A Decomposition of the Decline in Japanese Nominal Wages in the 1990s and 2000s
Seoul Journal of Economics, Vol. 28, No. 1, pp. 53-84, 2015
32 Pages Posted: 6 Mar 2015
Date Written: February 28, 2015
In the 1990s and the 2000s, the average nominal wage in Japan declined continuously. This is a sharp contrast to wage trends in other developed countries in the same period. This study seeks to provide new quantitative evidence on the possible factors contributing to the nominal wage decline in Japan’s so-called “two lost decades” employing the Blinder-Oaxaca decomposition method using data from the Basic Survey on Wage Structure for 1993-2008. We find that half of the decline of the average wage in the total economy is due to the growing employment share of low-wage industries.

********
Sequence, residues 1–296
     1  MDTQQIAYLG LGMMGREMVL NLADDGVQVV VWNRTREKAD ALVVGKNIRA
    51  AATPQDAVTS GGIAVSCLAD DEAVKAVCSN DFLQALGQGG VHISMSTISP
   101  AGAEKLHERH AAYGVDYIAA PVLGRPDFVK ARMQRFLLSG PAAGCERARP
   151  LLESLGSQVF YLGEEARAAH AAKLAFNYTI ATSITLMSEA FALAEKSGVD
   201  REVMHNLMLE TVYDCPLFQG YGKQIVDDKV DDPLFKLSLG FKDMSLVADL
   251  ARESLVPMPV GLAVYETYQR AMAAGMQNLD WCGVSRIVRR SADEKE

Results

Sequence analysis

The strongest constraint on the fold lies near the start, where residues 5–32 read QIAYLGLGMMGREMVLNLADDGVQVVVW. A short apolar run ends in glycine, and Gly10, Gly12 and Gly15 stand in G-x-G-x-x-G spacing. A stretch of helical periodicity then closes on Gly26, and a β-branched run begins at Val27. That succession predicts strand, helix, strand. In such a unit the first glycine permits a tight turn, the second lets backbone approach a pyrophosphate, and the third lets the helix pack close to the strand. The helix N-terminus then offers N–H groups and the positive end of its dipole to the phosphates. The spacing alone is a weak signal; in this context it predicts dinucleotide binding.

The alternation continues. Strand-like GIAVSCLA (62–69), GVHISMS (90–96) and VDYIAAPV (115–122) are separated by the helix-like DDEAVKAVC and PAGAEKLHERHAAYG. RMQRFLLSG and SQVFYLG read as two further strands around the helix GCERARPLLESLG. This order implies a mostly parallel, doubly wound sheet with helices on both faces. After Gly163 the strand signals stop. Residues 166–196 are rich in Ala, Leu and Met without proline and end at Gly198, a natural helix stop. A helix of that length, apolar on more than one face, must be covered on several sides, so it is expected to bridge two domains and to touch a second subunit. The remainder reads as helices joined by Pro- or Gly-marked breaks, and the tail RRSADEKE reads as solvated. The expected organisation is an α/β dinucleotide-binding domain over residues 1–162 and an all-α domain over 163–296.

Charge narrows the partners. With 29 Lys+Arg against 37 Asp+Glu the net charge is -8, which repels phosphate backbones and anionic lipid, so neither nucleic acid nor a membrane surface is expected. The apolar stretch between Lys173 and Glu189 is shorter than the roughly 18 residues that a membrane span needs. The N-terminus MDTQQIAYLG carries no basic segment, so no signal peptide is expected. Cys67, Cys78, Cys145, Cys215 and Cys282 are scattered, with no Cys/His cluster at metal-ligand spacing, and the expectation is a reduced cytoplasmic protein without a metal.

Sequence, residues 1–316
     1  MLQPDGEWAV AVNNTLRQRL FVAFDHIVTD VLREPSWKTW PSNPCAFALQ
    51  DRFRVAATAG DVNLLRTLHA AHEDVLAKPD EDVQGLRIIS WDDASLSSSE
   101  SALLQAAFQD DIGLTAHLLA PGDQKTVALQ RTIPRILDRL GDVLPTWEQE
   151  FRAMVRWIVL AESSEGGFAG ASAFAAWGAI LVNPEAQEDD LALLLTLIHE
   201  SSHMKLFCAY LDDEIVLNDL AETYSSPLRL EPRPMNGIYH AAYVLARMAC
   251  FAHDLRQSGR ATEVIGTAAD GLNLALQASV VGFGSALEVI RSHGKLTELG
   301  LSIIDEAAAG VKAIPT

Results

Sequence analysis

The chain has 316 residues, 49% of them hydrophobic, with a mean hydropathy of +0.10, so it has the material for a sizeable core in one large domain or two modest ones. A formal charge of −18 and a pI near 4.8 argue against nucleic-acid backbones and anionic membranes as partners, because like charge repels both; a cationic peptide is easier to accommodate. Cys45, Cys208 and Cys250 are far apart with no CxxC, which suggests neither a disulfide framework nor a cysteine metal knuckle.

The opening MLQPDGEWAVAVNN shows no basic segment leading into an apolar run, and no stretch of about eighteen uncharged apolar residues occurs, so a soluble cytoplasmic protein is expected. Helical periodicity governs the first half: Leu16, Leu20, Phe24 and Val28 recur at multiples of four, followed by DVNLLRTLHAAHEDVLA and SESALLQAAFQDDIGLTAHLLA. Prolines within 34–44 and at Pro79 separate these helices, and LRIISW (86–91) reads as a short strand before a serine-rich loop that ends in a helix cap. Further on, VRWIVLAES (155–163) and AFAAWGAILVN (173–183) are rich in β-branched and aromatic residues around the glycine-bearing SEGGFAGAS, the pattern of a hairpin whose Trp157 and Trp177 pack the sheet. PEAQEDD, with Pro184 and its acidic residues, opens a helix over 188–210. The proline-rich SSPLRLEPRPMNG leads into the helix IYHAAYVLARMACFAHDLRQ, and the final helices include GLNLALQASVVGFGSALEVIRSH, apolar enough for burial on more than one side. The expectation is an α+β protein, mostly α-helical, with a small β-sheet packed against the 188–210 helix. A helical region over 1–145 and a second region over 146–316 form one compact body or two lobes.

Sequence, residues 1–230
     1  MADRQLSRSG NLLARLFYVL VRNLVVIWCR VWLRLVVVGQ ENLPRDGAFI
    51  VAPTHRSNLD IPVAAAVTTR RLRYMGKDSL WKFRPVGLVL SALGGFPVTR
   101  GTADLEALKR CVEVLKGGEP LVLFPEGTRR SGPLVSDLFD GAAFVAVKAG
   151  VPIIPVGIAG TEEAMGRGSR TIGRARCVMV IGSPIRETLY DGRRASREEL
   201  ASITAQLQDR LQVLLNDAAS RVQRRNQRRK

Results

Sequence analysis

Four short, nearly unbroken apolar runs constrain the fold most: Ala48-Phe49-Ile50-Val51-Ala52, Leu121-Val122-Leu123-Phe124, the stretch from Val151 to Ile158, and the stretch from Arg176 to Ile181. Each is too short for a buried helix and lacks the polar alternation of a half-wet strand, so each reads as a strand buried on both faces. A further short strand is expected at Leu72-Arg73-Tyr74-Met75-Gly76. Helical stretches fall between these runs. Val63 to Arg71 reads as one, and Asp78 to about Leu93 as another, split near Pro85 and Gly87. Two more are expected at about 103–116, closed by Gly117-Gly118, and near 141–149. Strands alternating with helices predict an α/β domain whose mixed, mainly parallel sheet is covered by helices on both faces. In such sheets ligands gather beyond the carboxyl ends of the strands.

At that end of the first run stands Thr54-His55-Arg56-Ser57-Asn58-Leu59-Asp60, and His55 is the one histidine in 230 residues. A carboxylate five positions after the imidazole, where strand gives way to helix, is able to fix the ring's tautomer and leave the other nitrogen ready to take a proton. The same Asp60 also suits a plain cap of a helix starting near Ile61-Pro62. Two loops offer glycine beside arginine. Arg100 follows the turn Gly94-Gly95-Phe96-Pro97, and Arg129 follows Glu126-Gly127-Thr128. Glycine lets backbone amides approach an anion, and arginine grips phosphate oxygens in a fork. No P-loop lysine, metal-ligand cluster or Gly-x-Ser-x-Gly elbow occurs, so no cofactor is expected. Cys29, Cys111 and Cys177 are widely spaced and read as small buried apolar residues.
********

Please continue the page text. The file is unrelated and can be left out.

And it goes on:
Further, we decompose changes in average wages at the industry level for three subperiods representing different phases of the business cycle in Japan. Controlling for worker characteristics, we find the wages of workers in the manufacturing, wholesale, and medical, health care, and welfare industries declined between 1998 and 2003. Further, our results show that 1997 was the turning point in terms of changes in the wage structure. In addition, we find that wages for workers with the same characteristics continued to decline in the 2000s, albeit at a slower pace, and the main factor responsible for the wage decline was changes in the composition of the workforce in the wholesale, retail, and medical, health care, and welfare industries.
Keywords: Nominal wage decline, Deflation, Changes in industrial structure, Blinder-Oaxaca Decomposition
JEL Classification: J31, E24, E32, L80
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